“The biggest concern is just workforce disruption,” Haug said. “If you don’t have different paths to licensure, the fear was that the workforce would essentially collapse.”

A tight labor market has pushed some states to expand eligibility for licensed funeral workers. For example,Missouri lawmakersin recent years have sought to expand licensure, which currently requires passing an exam. Proposed legislation would allow workers who have completed an approved apprenticeship to become licensed. A bill passed the state House but did not make it out of the Senate before the end of this session.

“It’s not easy getting people in the profession,” said Chris Farmer, general counsel for the National Funeral Directors Association.

While he said he understands the urge to regulate in some cases, he said all industries include bad actors: “Even in the most stringent states, somebody’s going to do something bad. You can’t prevent it.”

Recently, state legislatures have been busy passing measures on new practices such ashuman compostingand so-calledwater cremation.

Farmer noted that funeral directors perform some 2.4 million funerals each year — and the vast majority of them never result in headlines.

“Unfortunately, it is a reactive situation,” he said. “Funeral service only gets their attention when something goes wrong.”

That was certainly the case in Illinois.

A local coroner last year uncovered inconsistencieswith cremated remains that dated back years. Authorities said at least 80 families around the country received the wrong remains — some of which had to be exhumed from a national cemetery.

“We found that there were families that were impacted from the West Coast to the East Coast and all places in between,” said Illinois state Sen. Doris Turner, a Democrat.

Turner sponsored successful legislation this year that requires funeral directors to use unique identifiers on the body, body bag, or any donated body part or organ of the deceased. She said that chain of custody should prevent future problems with funeral homes mixing up remains.

“For me, this is probably the most important piece of legislation that I have been able to pass during my time in the General Assembly,” she said.

Some families had spread ashes in meaningful places, and one woman told Turner how she had for months talked to an urn in her home that she thought contained the remains of her mother.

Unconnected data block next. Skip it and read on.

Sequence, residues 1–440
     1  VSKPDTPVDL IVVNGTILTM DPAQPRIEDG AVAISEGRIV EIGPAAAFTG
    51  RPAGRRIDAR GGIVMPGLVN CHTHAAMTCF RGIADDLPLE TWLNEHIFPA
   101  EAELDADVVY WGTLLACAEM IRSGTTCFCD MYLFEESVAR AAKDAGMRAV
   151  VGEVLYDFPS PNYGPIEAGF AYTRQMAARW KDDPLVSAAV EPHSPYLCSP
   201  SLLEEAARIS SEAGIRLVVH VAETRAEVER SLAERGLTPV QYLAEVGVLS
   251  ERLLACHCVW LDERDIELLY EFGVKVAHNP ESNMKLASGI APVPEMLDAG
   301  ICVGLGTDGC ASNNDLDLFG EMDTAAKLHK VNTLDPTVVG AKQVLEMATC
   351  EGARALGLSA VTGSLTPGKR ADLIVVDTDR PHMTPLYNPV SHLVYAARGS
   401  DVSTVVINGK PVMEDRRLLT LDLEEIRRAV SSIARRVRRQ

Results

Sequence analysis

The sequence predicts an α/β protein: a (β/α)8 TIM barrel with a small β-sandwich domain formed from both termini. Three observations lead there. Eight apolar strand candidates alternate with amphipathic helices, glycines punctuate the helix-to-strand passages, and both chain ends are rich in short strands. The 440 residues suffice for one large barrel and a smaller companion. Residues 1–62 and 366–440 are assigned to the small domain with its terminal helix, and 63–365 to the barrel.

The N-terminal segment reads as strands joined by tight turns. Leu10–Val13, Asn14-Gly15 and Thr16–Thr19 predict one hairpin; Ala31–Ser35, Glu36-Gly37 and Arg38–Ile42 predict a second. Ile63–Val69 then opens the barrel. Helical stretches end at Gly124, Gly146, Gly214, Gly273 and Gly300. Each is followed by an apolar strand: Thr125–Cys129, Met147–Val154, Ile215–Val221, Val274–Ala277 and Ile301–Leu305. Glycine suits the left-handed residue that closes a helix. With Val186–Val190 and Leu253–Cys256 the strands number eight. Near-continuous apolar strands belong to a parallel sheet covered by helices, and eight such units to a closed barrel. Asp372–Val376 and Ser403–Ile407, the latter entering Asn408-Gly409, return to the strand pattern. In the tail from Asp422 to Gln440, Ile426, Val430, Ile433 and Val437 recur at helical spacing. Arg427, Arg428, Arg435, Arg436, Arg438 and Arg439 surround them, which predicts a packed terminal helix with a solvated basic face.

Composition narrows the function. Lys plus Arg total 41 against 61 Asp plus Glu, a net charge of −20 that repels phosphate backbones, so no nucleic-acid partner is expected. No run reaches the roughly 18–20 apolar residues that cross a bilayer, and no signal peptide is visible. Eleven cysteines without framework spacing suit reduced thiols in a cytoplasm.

Those families later learned that what they had were the remains of strangers.

“Those are things that you can’t correct,” Turner said.

Sheila Canfield-Jones, who lives about an hour outside of Denver, never thought to question the funeral home she found online after her daughter died of a heroin overdose in 2019. The Colorado facilitypromotednatural funeral services and promised to plant a tree in her daughter’s honor.

Four years later, the FBI notified her that she hadn’t received her daughter’s cremated remains; she’d gotten a box of ground-up concrete.

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Her daughter’s body was among those left to rot inside the Return to Nature Funeral Home for years.

“You have nightmares,” she said. “You think, ‘What did she look like? What did the room look like?’ There were 190 bodies. There was an infant in there.”

Canfield-Jones said the hellish stories and the testimony of affected families were too much for lawmakers to ignore.

“We pestered the hell out of them,” she said. “So they had to listen.”

While she believes the legislation was a solid first step in addressing industry problems, she said it will take a long time to rebuild trust. In the meantime, she said, she wouldn’t want to be taken to a Colorado funeral home.

“If I die tomorrow, I’d be in a car going to Kansas,” she said. “Until all this comes down, I don’t know that I could trust anybody. You want to believe there’s good people in this industry that do a good job. And I’m sure there are. But how do you know?”

Statelineis part ofStates Newsroom, a national nonprofit news organization focused on state policy.

Mishandled bodies, mixed-up remains prompt tougher funeral home regulations (2024)